Total: £15.70

A fairly pricey make for me, and it involved buying way more 'new' stuff than I tend to feel comfortable with, but I think it was worth it because I know the final result will get a lot of use. After four years of hard service and approx. 350,000 wears, my Captain jacket is starting to get very ratty, so this may well fill the void that otherwise my wardrobe would be about to experience. 


26 comments:

didyoumakethat said...

Zoe, I think this is wonderful! So glad to hear about a wearable cape. I agree. I always look at them and think, 'But how do you put your handbag over your shoulder?' Or, as you say, move. It's a really beautiful make. You're tempting me to make this!

jain1023 said...

The cape is beautiful, a year ago I found almost the same pattern (for free...) With a sewalong (but it is not in English) i was planing to sew it since, but after seing your cape, i will definitelly make it first in the pile ;)
http://www.betsy.es/capa-christine/?utm_source=blog&utm_medium=pdf-pattern&utm_campaign=capa-christine

Anonymous said...

What a beautiful cape - I love your checked fabric! I've made two woodland capes for myself and one for my mum for Christmas last year. I agree it's a lovely pattern and I always feel so cosy in mine.

Cherie said...

What a lovely cape from a terrific fabric! It fits you perfectly, and it does look easy to move in! How nice to find a pattern to use a small remnant.

Sewing Sveta said...

approx. 350,000 wears

How much wears?%)))

Louise Perry said...

You look so stylish is this cape, and I would say £15 for outerwear is really good value. Glad your fabric finally found its purpose!

Miriam said...

gorgeous! well done you - I agree about the cape thing too they are quite impractical to wear and imo also tend to only look good in a photo shoot. This is a cape that works and wears well x

Claire Sutherland said...

Love your cape. I just finished mine and love it. I also used a wool check and am really happy with the result. Like you I couldn't match the arm seams with the fabric I had but everything lines up at the front which is what matters! I have some red fleece and may try a fleece version next .

Christals Creations said...

Amazing. I have so much stash to use and after buying a house and breeding to do so much work on it am completely broke so will have to make a start sewing it up!

Emma Pelly said...

Oh I like that....think I will have to buy that pattern and start to plan what fabric to use. It looks very expensive - and not at all "home-made" Perfect!! Well done you Zoe! (wish I could have you there to hold my hand whilst doing it - any chance of doing a workshop in London based on this pattern?)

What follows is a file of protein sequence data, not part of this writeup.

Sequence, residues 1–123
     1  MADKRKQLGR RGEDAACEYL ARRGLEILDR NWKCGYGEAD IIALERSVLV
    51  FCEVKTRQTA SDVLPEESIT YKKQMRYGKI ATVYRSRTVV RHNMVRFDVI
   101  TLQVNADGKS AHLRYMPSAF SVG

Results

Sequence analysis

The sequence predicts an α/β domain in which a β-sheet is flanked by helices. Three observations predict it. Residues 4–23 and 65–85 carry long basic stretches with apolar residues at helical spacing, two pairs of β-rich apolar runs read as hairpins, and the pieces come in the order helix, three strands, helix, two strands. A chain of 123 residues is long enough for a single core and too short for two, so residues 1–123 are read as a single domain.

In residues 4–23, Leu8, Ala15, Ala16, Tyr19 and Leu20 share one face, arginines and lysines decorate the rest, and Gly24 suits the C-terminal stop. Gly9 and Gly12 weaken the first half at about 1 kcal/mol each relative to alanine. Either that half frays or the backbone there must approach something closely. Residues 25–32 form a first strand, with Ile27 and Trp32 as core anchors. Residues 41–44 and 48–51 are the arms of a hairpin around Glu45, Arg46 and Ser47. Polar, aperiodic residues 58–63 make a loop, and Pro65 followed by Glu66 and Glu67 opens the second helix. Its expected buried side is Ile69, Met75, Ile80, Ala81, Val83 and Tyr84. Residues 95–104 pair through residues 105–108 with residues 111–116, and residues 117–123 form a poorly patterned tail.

sewalign said...

A gorgeous and smart cape, love the style and fabric. I love capes, having made two and am tempted to make another one.

Jeanette Madden said...

Very nice! I could use one of those.

Alyssa Wesselmann said...

I love how this turned out! Sewing the side buttons through both layers of fabric was a great idea. I made a simerlar cape and my side buttons occasionally come unbuttoned, which can be rather annoying!

Alyssa Wesselmann said...

I love how this turned out! Sewing the side buttons through both layers of fabric was a great idea. I made a simerlar cape and my side buttons occasionally come unbuttoned, which can be rather annoying!

Tasha said...

Very nice, it looks great! I've been craving some kind of big poncho to wear while working on the computer or sewing in the winter, since I get so cold when I'm sitting still. This project is giving me more ideas!

donna said...

What a great cope. The action shots are great to show its wearability. Very cool!

Portia Lawrie said...

Love this so much!

Portia Lawrie said...

Love this so much!

Fabric Tragic said...

It's perfect! That little hint of mustard is fabulous! And I've not had any issues with carrying a handbag for anyone who was curious!

Anonymous said...

I love it! I have a collection of vintage capes but have not really worn them since University, I find them impractical for life with small children, but this version with sleeves is awesome! I would love to tackle it, Im not sure I would be brave enough for pattern matching checks yet though ;) Cassandra

Mother of Reinvention said...

This is absolutely beautiful and I am so glad that you were finally able to find a role for this wonderful fabric. It looks very impressive and the pattern matching is spot on. A very stylish make. P.S. Now I can refer to your blog when I am told that I need to get rid of fabric. :) Xx

Alessa said...

So pretty! It looks great with those mittens!

Hazel_Myope said...

I love the fact that your arm warmers match the stripes in your cape. I wish I could plan ahead enough to do that, but it's only ever worked with black and black. :-P